The Classic Beatles Record John Lennon Called ‘the Acid Album’

When they arrived America and made their historic appearance on Ed Sullivan, The Beatles were quite young. Ringo, the elder of the group, checked in at 23 years old. Meanwhile, George Harrison, the youngest, hadn’t even turned 21.

So when the smiling lads performed “I Want to Hold Your Hand,” it sounded like exactly the sort of song they’d write. (It shot to No. 1 not long before they landed at JFK.) But things would change by mid-decade.

A little over two years later, the Fab Four recorded an album featuring backwards tape loops, a guitar solo in reverse, and sound effects that seemed to be seagulls. The LP ended with John Lennon vocals that sounded “like the Dalai Lama chanting from a mountaintop.”

On that track (“Tomorrow Never Knows”), John kicked things off with a line from Timothy Leary’s Psychedelic Experience. Looking back, he wasn’t exaggerating when he called that classic record “the acid album.”

‘Revolver’ was the first record that showed a major influence of LSD.

Beatle John Lennon speaks at a press conference following the group’s return from Manila. | Hulton-Deutsch Collection/CORBIS/Corbis via Getty Images

When John sang, “Turn off your mind, relax and float downstream,” the Leary quote got the ultimate framing via Ringo’s thunderous drums and the sound engineer’s recording trick. For fans who’d tried drugs in the mid-’60s, there was no mistaking the Beatles’ state of mind.

“Round about this time people were starting to experiment with drugs, including LSD,” Paul McCartney explained in Anthology. “John had got hold of Timothy Leary’s adaptation of The Tibetan Book of the Dead” and learned about the voyage it was believed people took after death.

“With LSD, this theme was all the more interesting,” Paul said. But on “She Said She Said,” John directly referenced an acid trip he’d had in California.

On this occasion, John used a quote from a conversation to kick off the Revolver track. “She said, I know what it like to be dead” came directly from the mouth of Peter Fonda when John had taken LSD with him at a Beverly Hills party in 1965. (John simply changed the gender.)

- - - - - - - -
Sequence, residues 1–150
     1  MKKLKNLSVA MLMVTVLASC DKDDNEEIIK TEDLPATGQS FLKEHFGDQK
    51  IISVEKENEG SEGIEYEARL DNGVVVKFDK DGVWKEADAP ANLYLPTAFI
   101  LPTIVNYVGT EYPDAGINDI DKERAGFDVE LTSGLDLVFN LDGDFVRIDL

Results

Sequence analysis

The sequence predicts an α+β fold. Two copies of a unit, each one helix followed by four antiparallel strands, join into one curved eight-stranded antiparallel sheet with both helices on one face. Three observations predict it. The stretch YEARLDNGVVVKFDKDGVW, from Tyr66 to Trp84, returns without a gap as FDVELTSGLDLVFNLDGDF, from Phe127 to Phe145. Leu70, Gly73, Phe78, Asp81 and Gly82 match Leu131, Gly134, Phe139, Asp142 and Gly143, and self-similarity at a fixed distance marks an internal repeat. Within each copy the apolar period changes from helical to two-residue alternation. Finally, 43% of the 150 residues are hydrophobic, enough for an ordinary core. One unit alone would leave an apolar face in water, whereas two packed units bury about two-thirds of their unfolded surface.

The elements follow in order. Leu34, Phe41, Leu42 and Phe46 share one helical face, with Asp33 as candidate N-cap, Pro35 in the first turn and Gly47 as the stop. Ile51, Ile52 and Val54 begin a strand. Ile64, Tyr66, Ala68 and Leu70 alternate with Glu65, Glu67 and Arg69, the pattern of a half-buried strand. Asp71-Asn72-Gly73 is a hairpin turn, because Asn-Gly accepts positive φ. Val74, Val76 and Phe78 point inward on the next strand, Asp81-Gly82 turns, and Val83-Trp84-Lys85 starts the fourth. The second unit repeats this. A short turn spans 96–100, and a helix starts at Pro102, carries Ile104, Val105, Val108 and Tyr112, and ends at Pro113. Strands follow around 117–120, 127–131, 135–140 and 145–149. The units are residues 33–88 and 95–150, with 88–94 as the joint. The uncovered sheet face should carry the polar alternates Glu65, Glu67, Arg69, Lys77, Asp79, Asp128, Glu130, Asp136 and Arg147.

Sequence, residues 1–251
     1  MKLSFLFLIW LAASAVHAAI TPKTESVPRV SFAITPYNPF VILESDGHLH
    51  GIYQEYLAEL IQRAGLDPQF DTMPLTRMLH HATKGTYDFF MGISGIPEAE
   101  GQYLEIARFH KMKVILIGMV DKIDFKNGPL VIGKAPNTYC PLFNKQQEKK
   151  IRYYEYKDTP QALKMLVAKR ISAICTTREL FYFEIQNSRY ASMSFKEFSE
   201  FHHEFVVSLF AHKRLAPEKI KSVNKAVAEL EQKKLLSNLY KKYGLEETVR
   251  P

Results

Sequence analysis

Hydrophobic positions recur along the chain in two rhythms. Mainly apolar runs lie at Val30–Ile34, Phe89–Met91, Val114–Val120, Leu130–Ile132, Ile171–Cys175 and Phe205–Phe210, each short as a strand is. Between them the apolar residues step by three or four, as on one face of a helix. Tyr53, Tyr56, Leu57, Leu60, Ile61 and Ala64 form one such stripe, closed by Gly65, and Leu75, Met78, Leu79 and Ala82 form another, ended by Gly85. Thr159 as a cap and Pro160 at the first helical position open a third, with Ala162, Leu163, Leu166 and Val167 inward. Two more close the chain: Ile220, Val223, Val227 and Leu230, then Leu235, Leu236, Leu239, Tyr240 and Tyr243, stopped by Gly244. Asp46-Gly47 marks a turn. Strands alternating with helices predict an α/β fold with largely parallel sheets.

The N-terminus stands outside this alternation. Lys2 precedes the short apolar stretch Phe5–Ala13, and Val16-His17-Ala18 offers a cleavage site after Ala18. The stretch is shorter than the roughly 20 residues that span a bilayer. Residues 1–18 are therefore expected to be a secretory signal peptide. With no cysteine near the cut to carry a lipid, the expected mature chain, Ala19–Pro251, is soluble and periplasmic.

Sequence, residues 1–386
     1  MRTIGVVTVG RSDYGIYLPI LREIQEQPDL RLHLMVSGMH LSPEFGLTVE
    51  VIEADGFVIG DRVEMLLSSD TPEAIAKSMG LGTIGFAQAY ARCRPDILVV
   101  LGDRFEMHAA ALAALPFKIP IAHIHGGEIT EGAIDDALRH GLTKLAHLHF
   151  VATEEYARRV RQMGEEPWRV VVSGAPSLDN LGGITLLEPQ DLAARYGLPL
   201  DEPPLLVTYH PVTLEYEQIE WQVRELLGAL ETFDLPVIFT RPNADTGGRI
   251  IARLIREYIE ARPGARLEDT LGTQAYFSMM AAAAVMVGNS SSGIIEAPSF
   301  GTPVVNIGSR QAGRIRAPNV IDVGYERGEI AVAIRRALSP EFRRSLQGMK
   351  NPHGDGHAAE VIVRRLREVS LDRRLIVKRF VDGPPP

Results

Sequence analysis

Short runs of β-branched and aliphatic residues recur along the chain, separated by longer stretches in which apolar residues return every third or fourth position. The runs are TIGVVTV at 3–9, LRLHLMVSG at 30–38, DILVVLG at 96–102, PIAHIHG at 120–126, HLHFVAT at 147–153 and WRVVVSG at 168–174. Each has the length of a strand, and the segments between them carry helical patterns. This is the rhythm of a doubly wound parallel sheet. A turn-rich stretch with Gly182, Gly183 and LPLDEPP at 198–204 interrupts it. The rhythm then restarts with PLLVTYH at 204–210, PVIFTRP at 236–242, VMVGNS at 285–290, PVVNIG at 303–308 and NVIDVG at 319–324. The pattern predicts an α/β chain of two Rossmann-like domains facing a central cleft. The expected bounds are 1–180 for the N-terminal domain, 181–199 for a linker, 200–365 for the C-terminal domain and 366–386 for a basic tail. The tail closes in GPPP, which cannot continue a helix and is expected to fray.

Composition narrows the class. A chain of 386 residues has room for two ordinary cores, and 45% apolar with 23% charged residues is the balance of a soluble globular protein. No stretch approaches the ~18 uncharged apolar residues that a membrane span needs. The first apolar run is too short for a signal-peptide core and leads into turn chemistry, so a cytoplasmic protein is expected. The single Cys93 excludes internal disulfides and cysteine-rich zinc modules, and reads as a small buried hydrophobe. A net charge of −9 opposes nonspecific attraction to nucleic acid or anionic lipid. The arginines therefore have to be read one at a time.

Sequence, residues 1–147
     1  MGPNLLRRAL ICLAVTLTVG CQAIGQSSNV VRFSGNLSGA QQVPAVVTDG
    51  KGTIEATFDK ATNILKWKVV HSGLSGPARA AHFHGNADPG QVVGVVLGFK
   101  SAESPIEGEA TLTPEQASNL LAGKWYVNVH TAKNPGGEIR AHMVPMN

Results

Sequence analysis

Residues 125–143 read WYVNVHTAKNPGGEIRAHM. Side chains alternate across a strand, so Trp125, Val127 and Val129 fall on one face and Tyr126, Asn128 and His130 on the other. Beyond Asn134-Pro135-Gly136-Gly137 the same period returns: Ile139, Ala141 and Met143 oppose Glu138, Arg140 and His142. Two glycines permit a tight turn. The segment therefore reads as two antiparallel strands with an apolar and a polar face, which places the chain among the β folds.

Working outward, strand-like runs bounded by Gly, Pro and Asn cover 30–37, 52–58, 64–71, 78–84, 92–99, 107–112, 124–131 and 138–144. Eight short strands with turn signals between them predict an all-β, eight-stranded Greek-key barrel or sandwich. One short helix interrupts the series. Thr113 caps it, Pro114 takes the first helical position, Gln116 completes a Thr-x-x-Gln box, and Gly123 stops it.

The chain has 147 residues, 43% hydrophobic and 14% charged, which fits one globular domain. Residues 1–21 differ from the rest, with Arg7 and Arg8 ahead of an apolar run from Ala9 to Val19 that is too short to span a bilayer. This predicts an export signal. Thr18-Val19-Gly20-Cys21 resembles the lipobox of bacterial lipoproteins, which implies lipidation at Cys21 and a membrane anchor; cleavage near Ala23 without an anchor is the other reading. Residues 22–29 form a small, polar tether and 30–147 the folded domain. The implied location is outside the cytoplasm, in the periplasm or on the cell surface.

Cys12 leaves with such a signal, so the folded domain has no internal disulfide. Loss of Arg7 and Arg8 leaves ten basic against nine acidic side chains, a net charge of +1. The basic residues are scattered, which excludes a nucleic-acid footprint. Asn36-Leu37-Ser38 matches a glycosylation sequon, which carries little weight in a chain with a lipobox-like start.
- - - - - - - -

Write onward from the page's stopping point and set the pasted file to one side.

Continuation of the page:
Fonda, who’d been shot as a child, got on John’s nerves when he insisted upon showing him scars from the incident while they were tripping on acid. But Revolver had several more drug references.

The many other drug references found on ‘Revolver’

The Beatles pause at London Airport in 1966 before leaving for a tour of Germany and Japan. | Hulton-Deutsch Collection/CORBIS/Corbis via Getty Images

While George said Rubber Soul was the first album that showed the influence of marijuana on the band, it didn’t stop there. Paul said he wrote “Got to Get You into My Life” with marijuana in mind (as opposed to a woman).

On Side Two of Revolver, listeners heard about a character John named “Doctor Robert.” If you “take a drink from his special cup” then he “helps you to understand.” John was least subtle of all when singing about that particular physician (modeled after a real Manhattan doctor).

“Mainly about drugs and pills,” John said when discussing the track with Playboy’s David Sheff in 1980. According to the Beatles Bible, it was the band’s first explicit reference to drugs. While fans had heard about a “Day Tripper” before, they’d never learned of doctors mixing narcotic cocktails.

When John started writing “I Am the Walrus” a year later, he’d been experimenting even more. “The first line was written on one acid trip one weekend. The second line was written on the next acid trip the next weekend, and it was filled in after I met Yoko,” he said.

Certainly, it’s hard to imagine Sgt. Pepper’s and Magical Mystery Tour without LSD. But it all started with Revolver.

Also see: The Beatles Song That Stands as the Greatest Lennon-McCartney Track of All